The emotional manipulation of ‘cancel culture’ critics
We’ve all heard the horror stories — a poor bloke who says something stupid and offensive and gets himself sacked. These anecdotes are designed to misdirect our ire.
In the first episode of her podcast “Honestly”, Bari Weiss recounts the sad story of the Wadi family, a Palestinian-American family with a popular grocery business in the Minneapolis area. During the Black Lives Matter protests, some offensive tweets that had been sent by one of the family’s teenage daughters surfaced, many years after they had been sent. An outcry resulted over the tweets and despite the daughter’s apologies, the family and its business suffered. Profits were lost, employees were laid off, family members were harassed. Weiss — a conservative journalist and long-standing women’s rights critic — does a good job getting you angry at the BLM protesters. The Wadi family were sympathizers, she points out. They didn’t deserve to be targeted by these cancel culture vultures.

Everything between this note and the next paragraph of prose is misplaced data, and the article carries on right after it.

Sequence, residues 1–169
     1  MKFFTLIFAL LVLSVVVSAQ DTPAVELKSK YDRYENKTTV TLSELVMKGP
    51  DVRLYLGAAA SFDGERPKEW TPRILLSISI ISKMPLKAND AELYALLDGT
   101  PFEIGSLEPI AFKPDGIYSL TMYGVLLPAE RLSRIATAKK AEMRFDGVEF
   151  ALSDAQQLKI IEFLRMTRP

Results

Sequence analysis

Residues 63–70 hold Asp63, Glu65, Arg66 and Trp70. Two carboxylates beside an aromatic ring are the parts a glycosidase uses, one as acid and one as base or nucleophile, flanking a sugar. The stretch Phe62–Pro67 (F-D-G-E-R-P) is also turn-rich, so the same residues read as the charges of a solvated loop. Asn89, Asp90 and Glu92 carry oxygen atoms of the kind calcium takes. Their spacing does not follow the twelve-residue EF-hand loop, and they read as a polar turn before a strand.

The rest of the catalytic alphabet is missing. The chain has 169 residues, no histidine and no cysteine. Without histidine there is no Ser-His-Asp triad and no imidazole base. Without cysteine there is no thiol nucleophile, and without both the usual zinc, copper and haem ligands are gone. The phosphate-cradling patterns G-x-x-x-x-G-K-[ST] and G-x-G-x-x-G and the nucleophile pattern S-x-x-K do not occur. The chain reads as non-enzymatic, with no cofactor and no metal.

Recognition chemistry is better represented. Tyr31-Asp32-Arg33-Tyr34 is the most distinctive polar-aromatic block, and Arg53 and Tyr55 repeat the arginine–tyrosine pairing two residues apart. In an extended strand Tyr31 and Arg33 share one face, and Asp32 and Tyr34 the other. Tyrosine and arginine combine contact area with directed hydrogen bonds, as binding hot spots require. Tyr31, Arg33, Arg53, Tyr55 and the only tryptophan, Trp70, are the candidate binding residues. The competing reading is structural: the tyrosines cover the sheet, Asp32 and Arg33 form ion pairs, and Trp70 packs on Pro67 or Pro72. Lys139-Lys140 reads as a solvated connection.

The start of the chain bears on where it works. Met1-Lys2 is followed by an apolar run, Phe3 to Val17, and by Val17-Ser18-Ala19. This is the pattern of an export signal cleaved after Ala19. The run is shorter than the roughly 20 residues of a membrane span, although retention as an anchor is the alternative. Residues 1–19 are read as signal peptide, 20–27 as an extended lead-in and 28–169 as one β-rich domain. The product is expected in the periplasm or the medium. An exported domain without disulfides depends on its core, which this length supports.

The term “cancel culture”* is used to deride the efforts of progressive voices to use social media and other forms of pressure to obtain accountability for offensive words or actions. Conservatives trot out the anecdotes of mishaps, examples that invariably prove their belief that people on the left are both ridiculous and dangerous. In doing so, commentators like Bari Weiss seek to raise our ire against this particular form of accountability. But these selective anecdotes constitute emotional manipulation.
Yes, sometimes the fight for justice can lead to instances of individual injustice. Yes, sometimes those fighting for change can make mistakes and hurt their allies. And yes, we need to learn from these mistakes. But often these mistakes are exploited in a bad faith effort to reinforce the underlying problems. The bad faith is apparent in what is not being said in these discussions, the convenient omissions that distort both history and current events.
First, the phenomenon mislabelled as “cancel culture” is typically associated with the left, but in fact, is a tool that has been used historically by conservatives. The McCarthy era was notorious for getting people fired for expressing views considered…